Last year the Tiffany Suite at the St. Regis Hotel in New York City was redesigned. It’s a 1,700 square foot suite on the 14th floor overlooking Fifth Avenue and Central Park. The St. Regis was originally built in 1904 by John Jacob Astor and both the St. Regis and the Tiffany & Co. buildings are landmark buildings on Fifth Avenue. The suite has jewel inspired references and uses the ‘Tiffany Blue’ color as an accent color throughout. Above is a photo of the dining room and the team at Benjamin Moore especially selected these three colors for us that would be closest to the famous color. From top to bottom: Harbourside Teal #654, Coastal Paradise #655, Caribbean Cool #661. A custom paint color was created by the St. Regis design team and John Loring, Director Emeritus of Tiffany & Co, for the actual suite. The suite costs a cool $8,500 plus tax per night which includes a lot of amenities like 24 hour butler service, daily breakfast, airport transportation, champagne etc. etc.. The attention to detail is quite spectacular from the Tiffany china and glassware to the drawers being lined with Tiffany Blue which make it such an amazing experience. Wow. (for more interesting facts about the hotel see below)
How did J.J. Astor come up with the name for the hotel? After visiting a lake in upstate New York, Astor’s niece recommended he call it after the lake- St. Regis. Astor did some research on the name of the lake and it was named after a 17th c. French monk named Francois Regis who was known for his hospitality to travelers.
On September 4th, 1904 the St. Regis opens it’s doors. Trowbridge and Livingston were the architects and Arnold Constable did the interiors. The cost to build the hotel was 5.5 million dollars. (unheard of at the time- Astor spared no expense) The cost to stay at the hotel was $5/day.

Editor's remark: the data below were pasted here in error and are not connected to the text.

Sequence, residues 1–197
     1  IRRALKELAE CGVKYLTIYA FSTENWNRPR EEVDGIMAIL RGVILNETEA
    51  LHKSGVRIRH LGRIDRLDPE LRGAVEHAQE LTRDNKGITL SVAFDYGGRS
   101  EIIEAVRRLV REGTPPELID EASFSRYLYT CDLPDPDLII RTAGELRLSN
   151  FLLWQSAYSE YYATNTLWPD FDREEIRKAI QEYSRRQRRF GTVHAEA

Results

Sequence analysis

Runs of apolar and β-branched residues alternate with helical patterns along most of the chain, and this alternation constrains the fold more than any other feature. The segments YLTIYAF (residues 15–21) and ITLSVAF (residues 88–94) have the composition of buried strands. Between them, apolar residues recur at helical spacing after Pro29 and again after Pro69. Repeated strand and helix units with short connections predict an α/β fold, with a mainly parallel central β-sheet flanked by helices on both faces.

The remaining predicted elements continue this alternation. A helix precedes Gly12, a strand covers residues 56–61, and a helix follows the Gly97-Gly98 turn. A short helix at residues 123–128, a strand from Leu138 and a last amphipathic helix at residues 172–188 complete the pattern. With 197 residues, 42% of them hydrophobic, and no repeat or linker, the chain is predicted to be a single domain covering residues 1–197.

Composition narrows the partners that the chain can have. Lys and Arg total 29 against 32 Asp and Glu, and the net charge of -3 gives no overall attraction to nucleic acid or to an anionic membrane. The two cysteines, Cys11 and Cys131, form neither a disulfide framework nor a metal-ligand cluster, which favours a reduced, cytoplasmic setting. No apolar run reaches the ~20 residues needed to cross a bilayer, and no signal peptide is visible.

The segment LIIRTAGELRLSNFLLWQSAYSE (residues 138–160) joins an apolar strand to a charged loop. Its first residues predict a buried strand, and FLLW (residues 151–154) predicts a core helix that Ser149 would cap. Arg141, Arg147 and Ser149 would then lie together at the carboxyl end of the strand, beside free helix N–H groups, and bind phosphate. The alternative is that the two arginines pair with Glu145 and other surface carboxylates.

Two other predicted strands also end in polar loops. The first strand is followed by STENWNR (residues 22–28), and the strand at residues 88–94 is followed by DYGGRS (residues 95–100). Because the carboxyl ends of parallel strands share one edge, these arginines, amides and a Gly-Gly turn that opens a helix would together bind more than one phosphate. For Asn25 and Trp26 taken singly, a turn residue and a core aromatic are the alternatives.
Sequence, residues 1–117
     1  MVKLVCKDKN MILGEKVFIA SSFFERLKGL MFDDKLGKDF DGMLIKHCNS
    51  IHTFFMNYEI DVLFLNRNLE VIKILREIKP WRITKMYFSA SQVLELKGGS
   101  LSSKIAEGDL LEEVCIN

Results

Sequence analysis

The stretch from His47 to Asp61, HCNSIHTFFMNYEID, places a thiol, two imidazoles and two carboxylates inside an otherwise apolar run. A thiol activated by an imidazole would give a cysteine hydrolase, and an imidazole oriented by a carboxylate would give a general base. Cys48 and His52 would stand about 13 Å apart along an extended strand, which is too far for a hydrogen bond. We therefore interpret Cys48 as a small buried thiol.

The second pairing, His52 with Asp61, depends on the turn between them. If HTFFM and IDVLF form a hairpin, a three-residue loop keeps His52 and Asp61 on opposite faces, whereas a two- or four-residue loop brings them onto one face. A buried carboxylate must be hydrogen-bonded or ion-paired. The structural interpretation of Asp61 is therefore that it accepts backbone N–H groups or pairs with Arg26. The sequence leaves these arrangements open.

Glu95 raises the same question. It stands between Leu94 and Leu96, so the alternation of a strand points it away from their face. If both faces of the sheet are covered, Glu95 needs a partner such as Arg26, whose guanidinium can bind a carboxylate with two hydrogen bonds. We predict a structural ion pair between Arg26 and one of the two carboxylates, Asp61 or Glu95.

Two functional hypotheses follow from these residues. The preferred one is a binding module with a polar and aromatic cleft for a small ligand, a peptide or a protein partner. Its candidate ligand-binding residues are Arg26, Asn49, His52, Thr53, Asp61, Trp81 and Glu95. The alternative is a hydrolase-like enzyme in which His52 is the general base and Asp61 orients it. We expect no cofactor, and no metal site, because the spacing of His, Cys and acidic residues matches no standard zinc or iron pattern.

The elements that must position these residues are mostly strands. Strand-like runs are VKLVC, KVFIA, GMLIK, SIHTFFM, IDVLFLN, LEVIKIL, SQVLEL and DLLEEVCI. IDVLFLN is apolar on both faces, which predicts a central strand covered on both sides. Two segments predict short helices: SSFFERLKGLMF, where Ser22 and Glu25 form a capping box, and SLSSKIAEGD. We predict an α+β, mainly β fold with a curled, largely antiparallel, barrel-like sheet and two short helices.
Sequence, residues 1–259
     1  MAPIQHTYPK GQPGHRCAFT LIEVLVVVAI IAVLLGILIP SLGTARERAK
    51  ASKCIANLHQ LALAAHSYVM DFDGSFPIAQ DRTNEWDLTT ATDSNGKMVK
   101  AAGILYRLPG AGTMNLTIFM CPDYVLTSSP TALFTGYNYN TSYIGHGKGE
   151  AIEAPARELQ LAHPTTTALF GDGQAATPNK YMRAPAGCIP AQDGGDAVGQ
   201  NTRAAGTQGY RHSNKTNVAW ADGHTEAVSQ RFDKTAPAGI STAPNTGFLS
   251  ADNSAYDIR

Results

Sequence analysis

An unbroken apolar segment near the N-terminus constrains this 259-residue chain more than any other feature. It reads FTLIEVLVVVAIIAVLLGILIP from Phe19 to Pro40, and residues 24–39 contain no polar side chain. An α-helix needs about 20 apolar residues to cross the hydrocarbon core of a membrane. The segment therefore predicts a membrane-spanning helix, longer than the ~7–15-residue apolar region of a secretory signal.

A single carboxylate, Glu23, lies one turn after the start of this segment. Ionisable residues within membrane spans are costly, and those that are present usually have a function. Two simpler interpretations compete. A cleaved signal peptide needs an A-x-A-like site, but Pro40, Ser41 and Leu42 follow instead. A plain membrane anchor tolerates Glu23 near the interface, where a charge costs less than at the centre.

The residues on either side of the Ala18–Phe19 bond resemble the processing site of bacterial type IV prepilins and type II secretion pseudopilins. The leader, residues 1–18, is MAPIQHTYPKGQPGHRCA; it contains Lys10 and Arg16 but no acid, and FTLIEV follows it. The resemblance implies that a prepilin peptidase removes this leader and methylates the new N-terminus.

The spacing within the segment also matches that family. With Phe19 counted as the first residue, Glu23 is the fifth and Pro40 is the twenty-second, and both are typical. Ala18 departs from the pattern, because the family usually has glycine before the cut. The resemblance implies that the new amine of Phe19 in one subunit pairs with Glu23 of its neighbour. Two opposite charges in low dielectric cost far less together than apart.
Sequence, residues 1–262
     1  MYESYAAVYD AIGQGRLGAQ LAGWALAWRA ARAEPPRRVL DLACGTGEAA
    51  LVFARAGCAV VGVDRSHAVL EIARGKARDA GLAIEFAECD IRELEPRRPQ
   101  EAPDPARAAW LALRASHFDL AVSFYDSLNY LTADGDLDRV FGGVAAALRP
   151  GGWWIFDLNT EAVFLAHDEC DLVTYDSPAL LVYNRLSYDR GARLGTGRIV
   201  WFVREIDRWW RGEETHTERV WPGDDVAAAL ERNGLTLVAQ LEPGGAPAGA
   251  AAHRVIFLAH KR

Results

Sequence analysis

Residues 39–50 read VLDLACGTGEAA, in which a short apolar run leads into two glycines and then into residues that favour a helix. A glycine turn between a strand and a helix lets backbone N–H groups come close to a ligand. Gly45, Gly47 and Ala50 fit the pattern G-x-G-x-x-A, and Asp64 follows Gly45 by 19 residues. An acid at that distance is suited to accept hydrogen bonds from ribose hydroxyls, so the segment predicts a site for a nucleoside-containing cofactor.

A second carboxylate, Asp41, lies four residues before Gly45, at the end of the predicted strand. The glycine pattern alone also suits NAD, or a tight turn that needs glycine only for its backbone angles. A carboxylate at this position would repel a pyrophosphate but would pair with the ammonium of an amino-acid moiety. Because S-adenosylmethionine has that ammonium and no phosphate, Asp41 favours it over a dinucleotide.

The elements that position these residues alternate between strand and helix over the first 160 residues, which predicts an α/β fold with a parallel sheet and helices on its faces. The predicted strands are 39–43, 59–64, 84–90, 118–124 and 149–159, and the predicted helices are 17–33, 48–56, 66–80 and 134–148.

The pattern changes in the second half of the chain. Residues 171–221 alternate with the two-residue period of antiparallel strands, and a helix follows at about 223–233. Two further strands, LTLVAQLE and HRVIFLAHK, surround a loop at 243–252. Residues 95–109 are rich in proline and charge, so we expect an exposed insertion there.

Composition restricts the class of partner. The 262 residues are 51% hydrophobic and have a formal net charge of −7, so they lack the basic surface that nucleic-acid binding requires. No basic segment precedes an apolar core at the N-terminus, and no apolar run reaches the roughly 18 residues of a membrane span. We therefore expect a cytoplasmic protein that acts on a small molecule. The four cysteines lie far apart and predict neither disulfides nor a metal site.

In 1912 Astor divorces his wife Ava and marries a 19 year-old woman named Madeline which shocked New York Society. Sadly Astor drowned on the Titanic trying to save his dog from the kennels on the ship. He gave his new wife his seat on the life boat and she survived. His son vincent inherits the hotel, sells it and then later takes it over after a buyer defaults in 1935.
The popular “Bloody Mary” cocktail was invented by the St. Regis bartender, Fernand Petiot in 1935. It was originally called the “Red Snapper”.
In 1965, Harry Platt, then president of Tiffany & Co, began hosting supper dances in the Versailles Room and were the most sought-after affairs in New York. Famous guests at the time were Bing Crosby and Alfred Hitchcock.
The hotel went through many restorations over the years. Most recently in 1991 the hotel went under a 100 million dollar restoration, this is when the Tiffany Suite, Christian Dior and Orient Suites are added. Then again in 2006 it’s interiors were updated, this time by Sills Huniford- known for their work for Vera Wang. The Bottega Veneta Designer Suite also opens in 2006.